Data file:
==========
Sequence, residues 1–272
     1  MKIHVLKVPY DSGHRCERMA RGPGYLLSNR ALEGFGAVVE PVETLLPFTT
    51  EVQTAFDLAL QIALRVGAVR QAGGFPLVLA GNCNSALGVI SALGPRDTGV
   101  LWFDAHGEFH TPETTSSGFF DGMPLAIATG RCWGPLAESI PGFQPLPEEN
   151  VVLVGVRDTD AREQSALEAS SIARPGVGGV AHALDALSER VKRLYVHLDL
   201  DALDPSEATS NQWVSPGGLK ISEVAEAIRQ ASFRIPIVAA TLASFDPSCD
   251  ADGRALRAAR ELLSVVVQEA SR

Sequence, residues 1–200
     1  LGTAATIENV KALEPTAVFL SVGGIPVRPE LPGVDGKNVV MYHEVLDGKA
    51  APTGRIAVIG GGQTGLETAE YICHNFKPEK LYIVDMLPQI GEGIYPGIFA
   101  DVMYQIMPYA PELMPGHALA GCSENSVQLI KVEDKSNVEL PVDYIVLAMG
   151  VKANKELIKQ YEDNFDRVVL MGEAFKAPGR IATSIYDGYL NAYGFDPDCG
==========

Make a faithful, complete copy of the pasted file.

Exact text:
Sequence, residues 1–272
     1  MKIHVLKVPY DSGHRCERMA RGPGYLLSNR ALEGFGAVVE PVETLLPFTT
    51  EVQTAFDLAL QIALRVGAVR QAGGFPLVLA GNCNSALGVI SALGPRDTGV
   101  LWFDAHGEFH TPETTSSGFF DGMPLAIATG RCWGPLAESI PGFQPLPEEN
   151  VVLVGVRDTD AREQSALEAS SIARPGVGGV AHALDALSER VKRLYVHLDL
   201  DALDPSEATS NQWVSPGGLK ISEVAEAIRQ ASFRIPIVAA TLASFDPSCD
   251  ADGRALRAAR ELLSVVVQEA SR

Sequence, residues 1–200
     1  LGTAATIENV KALEPTAVFL SVGGIPVRPE LPGVDGKNVV MYHEVLDGKA
    51  APTGRIAVIG GGQTGLETAE YICHNFKPEK LYIVDMLPQI GEGIYPGIFA
   101  DVMYQIMPYA PELMPGHALA GCSENSVQLI KVEDKSNVEL PVDYIVLAMG
   151  VKANKELIKQ YEDNFDRVVL MGEAFKAPGR IATSIYDGYL NAYGFDPDCG